I am currently hard at work editing the book projects. However, I did find time to design a shawl which marks the first collaboration with local dyer Sheila of DyeNinja. Sheila dyes exquisite rich jewel tones on beautiful bases and I know many of you have already fallen in love with her palette. I have more to say about the forthcoming pattern once it is closer to being released (cross fingers it won’t be long) but I shall leave you with a little preview and a tiny hint about the inspiration:

“To every age its art, to every art its freedom”

Important notice

Dear all.

I have to travel across to Denmark next week. This is an unexpected but unavoidable journey.

Today is January 27. Emails and messages received after today will not be read or answered until Tuesday February 7. Any outstanding business will be dealt with before I leave.

Thank you.

 

 

This Is About Lilly

(my great-grandmother with my mother)

These days I find myself thinking a lot about my great-grandmother, Lilly.

Lilly was born whilst the First World War was raging outside Danish borders. Born into a poor family, she would pick grains from fields at dusk hoping to get enough for her mother to bake bread. At fourteen she was already working as a servant girl. At twenty (or twenty-one) she married her employer – a man nearly thirty years her senior. By this time she had already acted as a mother figure to her soon-to-be husband’s seven motherless children. She would end up having eleven children of her own. Relying solely on her oldest children to help her, Lilly brought up eighteen (18) children in the 1930s and 1940s during the Great Depression and World War Two. The house had no running water and no central heating. The family lived off the land and whatever petty jobs could be had.

Lilly was in her sixties when I was born and she looked after me until I was old enough to start school. She brought me old dish rags on which I could embroider my name and I made dolls’ clothes using her hand-crank Singer sewing machine. Her button box gave me endless hours of pleasure and it was passed down to me.

And she taught me to knit next to the kerosene stove in her living room.

Family lore has it that she fell out with her mother in the early 1930s and, as revenge, Lilly changed from knitting throwing-style to knitting Continental-style. They made up, but every subsequent generation of women was taught to knit Continental-style by Lilly. She was a formidable, smart woman who played the long game. Lilly would have made an excellent army general.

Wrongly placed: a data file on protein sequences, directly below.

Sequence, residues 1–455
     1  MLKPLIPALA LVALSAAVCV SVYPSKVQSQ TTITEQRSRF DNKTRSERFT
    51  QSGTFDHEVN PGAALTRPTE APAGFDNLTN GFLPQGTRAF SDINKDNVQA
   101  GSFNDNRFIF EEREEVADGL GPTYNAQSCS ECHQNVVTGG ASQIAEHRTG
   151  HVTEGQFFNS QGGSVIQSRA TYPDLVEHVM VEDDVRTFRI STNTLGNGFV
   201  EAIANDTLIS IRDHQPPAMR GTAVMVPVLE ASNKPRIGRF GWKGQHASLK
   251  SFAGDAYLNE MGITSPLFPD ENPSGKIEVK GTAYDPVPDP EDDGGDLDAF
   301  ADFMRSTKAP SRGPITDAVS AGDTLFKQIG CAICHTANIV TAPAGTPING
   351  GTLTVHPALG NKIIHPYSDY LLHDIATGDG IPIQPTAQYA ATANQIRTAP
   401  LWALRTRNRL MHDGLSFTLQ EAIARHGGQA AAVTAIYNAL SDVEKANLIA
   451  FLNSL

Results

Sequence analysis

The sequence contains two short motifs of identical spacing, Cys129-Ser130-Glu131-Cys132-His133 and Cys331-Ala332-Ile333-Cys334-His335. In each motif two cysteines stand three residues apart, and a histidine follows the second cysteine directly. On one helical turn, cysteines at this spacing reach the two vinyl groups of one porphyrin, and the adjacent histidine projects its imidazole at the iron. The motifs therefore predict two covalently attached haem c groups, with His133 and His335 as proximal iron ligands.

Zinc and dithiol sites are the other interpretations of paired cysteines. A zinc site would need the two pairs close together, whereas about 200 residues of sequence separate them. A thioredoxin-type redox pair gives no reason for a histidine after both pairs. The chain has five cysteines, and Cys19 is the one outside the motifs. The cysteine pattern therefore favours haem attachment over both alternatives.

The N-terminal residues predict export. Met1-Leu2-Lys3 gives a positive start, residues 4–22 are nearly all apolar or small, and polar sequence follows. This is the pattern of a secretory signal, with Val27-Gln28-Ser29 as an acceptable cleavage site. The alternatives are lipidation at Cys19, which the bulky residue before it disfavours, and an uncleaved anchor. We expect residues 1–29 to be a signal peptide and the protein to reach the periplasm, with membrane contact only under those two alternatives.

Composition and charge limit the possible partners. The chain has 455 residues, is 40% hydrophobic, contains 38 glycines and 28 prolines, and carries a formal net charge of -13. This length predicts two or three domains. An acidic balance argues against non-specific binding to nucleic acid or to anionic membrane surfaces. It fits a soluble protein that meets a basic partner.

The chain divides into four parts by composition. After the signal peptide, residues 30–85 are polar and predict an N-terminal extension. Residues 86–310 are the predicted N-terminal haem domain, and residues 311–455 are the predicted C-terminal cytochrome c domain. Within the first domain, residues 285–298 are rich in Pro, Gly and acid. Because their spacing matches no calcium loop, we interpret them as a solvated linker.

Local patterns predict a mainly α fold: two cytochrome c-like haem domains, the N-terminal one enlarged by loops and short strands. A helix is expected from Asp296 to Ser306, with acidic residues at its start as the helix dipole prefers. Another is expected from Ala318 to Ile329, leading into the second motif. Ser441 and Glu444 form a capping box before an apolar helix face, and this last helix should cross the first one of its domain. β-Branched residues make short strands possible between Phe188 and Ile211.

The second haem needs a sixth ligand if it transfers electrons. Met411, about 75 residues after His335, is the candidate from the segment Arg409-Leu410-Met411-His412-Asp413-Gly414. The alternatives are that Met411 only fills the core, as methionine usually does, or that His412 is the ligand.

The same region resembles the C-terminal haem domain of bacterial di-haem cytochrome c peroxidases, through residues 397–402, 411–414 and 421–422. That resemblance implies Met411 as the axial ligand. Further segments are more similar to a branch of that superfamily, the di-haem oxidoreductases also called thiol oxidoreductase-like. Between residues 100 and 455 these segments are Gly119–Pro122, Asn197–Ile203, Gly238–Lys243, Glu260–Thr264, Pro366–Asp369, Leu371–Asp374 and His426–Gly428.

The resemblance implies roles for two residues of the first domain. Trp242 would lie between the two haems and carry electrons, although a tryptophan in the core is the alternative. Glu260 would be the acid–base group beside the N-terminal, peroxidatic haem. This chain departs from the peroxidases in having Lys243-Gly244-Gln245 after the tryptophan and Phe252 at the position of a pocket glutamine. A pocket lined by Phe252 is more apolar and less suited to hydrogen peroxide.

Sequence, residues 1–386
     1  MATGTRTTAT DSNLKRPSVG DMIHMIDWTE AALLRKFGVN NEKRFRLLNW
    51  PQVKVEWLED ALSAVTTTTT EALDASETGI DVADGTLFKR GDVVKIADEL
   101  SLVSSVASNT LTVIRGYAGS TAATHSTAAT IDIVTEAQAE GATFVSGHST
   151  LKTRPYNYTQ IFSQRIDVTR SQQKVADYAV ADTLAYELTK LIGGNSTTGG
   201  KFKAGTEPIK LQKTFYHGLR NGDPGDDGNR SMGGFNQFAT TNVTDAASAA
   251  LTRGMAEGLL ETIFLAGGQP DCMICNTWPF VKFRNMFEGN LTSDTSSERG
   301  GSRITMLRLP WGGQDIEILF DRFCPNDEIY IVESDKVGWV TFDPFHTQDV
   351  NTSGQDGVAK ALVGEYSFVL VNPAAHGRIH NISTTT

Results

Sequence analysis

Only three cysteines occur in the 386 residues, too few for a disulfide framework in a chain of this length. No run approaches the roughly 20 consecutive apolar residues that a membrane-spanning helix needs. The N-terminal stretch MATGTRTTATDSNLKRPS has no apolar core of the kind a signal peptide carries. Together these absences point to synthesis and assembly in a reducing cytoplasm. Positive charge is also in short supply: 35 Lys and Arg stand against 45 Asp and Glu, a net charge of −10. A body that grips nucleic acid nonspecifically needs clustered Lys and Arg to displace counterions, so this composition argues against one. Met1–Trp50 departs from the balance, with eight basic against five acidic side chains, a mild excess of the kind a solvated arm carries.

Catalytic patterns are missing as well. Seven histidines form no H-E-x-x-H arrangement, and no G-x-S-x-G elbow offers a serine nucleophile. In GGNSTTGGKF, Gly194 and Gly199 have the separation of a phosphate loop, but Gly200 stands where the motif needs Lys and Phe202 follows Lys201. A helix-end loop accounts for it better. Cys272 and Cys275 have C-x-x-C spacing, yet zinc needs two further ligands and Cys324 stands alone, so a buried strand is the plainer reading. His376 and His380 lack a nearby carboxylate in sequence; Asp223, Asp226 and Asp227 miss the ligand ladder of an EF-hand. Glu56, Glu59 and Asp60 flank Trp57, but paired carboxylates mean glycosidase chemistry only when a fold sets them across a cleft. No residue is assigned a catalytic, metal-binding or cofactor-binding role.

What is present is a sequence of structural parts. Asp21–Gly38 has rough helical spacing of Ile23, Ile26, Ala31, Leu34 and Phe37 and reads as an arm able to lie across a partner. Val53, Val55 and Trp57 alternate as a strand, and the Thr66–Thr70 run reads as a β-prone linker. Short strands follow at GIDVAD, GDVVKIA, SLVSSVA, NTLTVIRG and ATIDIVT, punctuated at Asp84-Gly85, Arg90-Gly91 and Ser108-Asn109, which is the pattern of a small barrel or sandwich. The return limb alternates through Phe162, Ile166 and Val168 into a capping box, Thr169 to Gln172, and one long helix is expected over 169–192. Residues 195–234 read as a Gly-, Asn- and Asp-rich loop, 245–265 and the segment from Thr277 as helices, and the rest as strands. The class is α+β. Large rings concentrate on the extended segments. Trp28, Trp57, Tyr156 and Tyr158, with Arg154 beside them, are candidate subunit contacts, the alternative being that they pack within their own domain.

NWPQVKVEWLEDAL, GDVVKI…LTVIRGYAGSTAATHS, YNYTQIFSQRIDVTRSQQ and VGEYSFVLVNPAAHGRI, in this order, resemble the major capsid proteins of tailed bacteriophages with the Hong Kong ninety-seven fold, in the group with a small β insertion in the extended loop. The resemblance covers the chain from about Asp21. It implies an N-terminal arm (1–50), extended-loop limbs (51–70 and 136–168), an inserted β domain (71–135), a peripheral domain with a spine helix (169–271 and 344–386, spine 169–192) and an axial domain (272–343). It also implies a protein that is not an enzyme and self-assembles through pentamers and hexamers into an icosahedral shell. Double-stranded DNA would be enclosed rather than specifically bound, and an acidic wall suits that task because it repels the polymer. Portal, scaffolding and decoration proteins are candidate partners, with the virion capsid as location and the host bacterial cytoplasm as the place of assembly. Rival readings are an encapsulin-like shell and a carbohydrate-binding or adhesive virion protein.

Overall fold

These days I think a lot about Lilly and her generation. I heard her stories about World War Two (during which Denmark was occupied) and these stories run through my head when I see people talking about inspiring WW2 heroes and kicking Nazi butt.

I was brought up in a family very much altered by World War Two. Someone came home to dinner one night wearing a uniform as he had signed up to guard Allied prisoners. I never knew that family branch existed until Lilly’s funeral and his son showed up. Lilly’s oldest brother went into the Resistance and when he passed away (at age 100!), we found a medal. The files are still sealed by the government and my great-granduncle refused to utter as much as a word about the War. We have no idea what he did but his eyes spoke volumes. My grandmother recalls seeing planes flying over the fields, columns of emaciated German soldiers marching through the village and Lilly ushering everybody into the threshing barn.

My great-grandmother taught me World War Two was a time of hardship, strife, loss, bitterness, and heartbreaking despair. Resistance heroes were ordinary men and women. They weren’t “absolute legends”, nor clickbait, nor Brad Pitt with a comedic accent, nor a jingoistic poster. Their actions ranged from whatever my great-granduncle did (but which affected him for the rest of his very long life) to Lilly’s refusal to break bread with a family member. War is dirty and terrible – and I really dislike seeing people almost fetishising the idea of reliving World War Two in 2017. This is not a chance to live out your favourite films nor indulge in cosplay (link from 2010 but it still strikes me as tone-deaf). I genuinely wonder what part our collective sense of nostalgia has played in Recent Events – a sense of nostalgia that has been fed by the media we consume. How is it we react to things?